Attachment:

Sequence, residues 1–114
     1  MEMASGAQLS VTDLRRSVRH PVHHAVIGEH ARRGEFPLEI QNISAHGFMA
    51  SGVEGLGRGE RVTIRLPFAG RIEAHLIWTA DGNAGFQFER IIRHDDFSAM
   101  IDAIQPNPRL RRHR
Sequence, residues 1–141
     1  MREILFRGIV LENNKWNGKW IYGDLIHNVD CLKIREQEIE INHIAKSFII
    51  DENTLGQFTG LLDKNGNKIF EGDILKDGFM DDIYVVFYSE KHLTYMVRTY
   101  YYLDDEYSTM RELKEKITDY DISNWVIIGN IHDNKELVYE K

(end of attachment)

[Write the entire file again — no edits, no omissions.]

Sequence, residues 1–114
     1  MEMASGAQLS VTDLRRSVRH PVHHAVIGEH ARRGEFPLEI QNISAHGFMA
    51  SGVEGLGRGE RVTIRLPFAG RIEAHLIWTA DGNAGFQFER IIRHDDFSAM
   101  IDAIQPNPRL RRHR
Sequence, residues 1–141
     1  MREILFRGIV LENNKWNGKW IYGDLIHNVD CLKIREQEIE INHIAKSFII
    51  DENTLGQFTG LLDKNGNKIF EGDILKDGFM DDIYVVFYSE KHLTYMVRTY
   101  YYLDDEYSTM RELKEKITDY DISNWVIIGN IHDNKELVYE K